It sounds simple to boost production capacity and lower component costs by switching from a single-cavity mold to a multi-cavity one that can deliver eight or more parts in one go. It is possible in many instances, but only if the necessary measures are taken, and the requisite preliminary adjustments are made before commencing the production since the parts that engage flawlessly in a single-cavity mold might not cooperate with a multi-cavity mold.
So, here is a comprehensive guide that covers some of the best ways to achieve multi-cavity mold design optimization.
Despite being a costly solution for unbalanced molding, sequential valve gating can minimize flashing in fast-filling cavities and enable slower-filling cavities to keep filling. It’s more probable to result in family molds with varying thicknesses and wall sections.
Also, a flow-control valve regulated by a worm-gear assembly can be employed when cavities do not fill consistently. At the press, the molder can regulate the flow of each nozzle by adjusting a dial while the settings remain the same.
Moreover, we can use a closed-loop process control at each molding gate to ensure quick initiation, smoother mold adjustments, and reduced rejection ratios. It enables the molder to create a time and pressure profile for every drop point, which aids in controlling the packing and filling rate. Pressure sensors are placed to regulate the valve pins and guarantee consistent pressure distribution throughout the filling procedure.
Although side-actions can function well in a single-cavity mold, considering the part design and dimensions, they are unlikely to satisfy multi-cavity tooling requirements. Another thing to consider is manually loaded inserts, also known as pick-outs.
For instance, in the case of single-cavity molding, the insertion of a small metal block into a mold cavity to make a cutting on an interior element is simple. On the other hand, the same procedure using multi-cavity equipment demands more time and shouldn’t be employed for bulk production projects.
The injection molding technique employs several types of gates. Hot tip and pin-style gates are frequently used on single-cavity molds to deal with design-related problems involving sophisticated component dimensions and geometries and to minimize gate vestige that must be clipped from the completed workpiece. But one thing to note here is that they aren’t suitable for multi-cavity molds.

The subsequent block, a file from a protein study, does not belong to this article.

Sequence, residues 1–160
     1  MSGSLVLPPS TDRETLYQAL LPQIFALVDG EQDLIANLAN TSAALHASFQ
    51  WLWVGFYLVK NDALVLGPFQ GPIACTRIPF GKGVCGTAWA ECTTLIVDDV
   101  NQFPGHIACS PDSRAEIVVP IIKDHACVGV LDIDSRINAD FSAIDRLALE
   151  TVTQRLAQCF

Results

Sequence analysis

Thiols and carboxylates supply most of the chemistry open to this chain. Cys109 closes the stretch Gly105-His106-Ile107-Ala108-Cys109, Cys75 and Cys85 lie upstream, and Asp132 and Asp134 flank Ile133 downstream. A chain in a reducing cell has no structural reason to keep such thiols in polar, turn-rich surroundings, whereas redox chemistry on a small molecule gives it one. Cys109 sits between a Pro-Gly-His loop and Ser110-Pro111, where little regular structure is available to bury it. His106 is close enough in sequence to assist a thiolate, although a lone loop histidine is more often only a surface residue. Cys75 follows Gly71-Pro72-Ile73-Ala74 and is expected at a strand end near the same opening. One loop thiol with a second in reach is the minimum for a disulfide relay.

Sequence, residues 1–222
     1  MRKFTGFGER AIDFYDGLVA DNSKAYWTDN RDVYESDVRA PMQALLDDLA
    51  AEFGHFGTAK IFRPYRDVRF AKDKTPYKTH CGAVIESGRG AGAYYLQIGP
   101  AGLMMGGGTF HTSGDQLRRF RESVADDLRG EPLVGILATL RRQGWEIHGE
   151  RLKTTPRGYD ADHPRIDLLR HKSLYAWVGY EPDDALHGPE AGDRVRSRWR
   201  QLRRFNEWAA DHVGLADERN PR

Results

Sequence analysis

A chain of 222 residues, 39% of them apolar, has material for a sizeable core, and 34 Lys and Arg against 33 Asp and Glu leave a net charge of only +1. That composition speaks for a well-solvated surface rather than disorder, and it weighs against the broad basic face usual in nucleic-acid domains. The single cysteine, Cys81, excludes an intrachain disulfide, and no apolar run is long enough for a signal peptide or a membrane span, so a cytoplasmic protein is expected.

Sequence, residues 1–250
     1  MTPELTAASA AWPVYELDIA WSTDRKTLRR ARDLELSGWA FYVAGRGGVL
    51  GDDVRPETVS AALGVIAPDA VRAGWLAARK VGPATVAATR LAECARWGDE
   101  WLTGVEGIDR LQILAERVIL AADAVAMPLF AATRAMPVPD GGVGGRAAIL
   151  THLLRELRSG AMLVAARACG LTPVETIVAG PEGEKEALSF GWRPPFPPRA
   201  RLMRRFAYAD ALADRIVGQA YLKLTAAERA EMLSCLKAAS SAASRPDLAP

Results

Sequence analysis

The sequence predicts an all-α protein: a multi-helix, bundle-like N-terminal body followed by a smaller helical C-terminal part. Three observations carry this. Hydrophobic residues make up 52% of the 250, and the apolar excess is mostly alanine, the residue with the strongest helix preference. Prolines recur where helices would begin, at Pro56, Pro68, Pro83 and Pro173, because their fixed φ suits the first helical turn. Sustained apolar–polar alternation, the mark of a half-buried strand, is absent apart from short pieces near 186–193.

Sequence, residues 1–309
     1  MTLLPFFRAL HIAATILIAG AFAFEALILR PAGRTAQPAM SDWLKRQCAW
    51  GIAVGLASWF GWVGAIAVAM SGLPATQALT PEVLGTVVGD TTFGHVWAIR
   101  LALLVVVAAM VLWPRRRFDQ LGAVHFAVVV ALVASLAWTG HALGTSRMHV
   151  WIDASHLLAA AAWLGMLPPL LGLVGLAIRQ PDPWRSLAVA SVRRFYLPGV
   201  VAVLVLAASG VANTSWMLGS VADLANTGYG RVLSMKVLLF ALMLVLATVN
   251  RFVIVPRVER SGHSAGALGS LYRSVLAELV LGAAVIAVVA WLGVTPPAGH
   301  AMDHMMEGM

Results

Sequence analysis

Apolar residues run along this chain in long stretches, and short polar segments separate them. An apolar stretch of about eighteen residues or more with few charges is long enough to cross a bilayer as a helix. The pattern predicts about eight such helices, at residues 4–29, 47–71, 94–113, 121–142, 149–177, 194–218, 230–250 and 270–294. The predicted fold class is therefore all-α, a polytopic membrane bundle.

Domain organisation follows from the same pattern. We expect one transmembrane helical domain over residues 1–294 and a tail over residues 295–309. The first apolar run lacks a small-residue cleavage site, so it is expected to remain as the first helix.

In this case, tab gates often referred to as edge gates, are prevalent. The flexibility in gate placement is crucial when trying to fit several pieces into a mold. Furthermore, the greater vestige that emerges with tab gating effectively absorbs residual flow stress near the mold section.
Effective gate placement in multi-cavity molds can also help us avoid expensive part redesign by adjusting the original gate location with respect to the part orientation early in the design cycle before ramping up production.
Controlling stress marks and ensuring that the design complies with minimal wall thickness standards while keeping homogeneity in the thicknesses of adjoining elements are both reliant on managing wall thickness. We must be mindful that high injection pressure is present at the gate. A slender wall also serves as a constraint, which raises injection pressure.
So flashing, shearing, and mold damage might happen if the wall thickness and gate are out of proportion. It is possible to maintain a balance between wall thickness and gate pressure by either reducing injection pressure, raising wall thickness close to the gate, or both.
Fluid materials, such as liquid silicone rubber (LSR), are frequently suitable for multi-cavity applications. Most of the issues concerned with family and multi-cavity molds are considerably diminished since silicone flows more readily than nickels.
LSR is a fantastic choice if the project calls for an adaptive material that exhibits excellent dimensional stability and strength properties, performs well at temperature extremes, is chemically resistant, and is biocompatible.
One typical method for preventing flow fluctuations when filling multiple cavities at once is the application of cavity pressure sensing technology. Molders can discover more about the root of complications with flow pressure and imbalance. After an imbalance gets identified, cavity pressure sensing can assist with finding a fix. It can reveal details about the level of the cavity filled.
The molder could utilize low-velocity injection to ensure the remaining sections are filled with more homogeneous pressures. Through the application of cavity pressure sensing, it is possible to observe exactly how pressure changes as the mold fills up and whether there are any imbalance issues. Then we can easily monitor the pressure buildup.
A metal lathe is all you need if you are looking to process a bar or disk-type metal workpiece with an excellent surface finish.
The goal of effective injection-molded part designing is to achieve overall cost reduction. Testing numerous versions of the similar molded component concurrently with different single-cavity molds, selecting the finest, and then moving onto a multi-cavity mold is a smart method to help reduce time-to-market.
About the Author: Vincent Hua
Vincent Hua is the Marketing Manager at TSINFA. He is passionate about helping people understand high-end and complex manufacturing processes. Besides writing and contributing his insights, Vincent is very keen on technological innovation that helps build highly precise and stable CNC Machinery.
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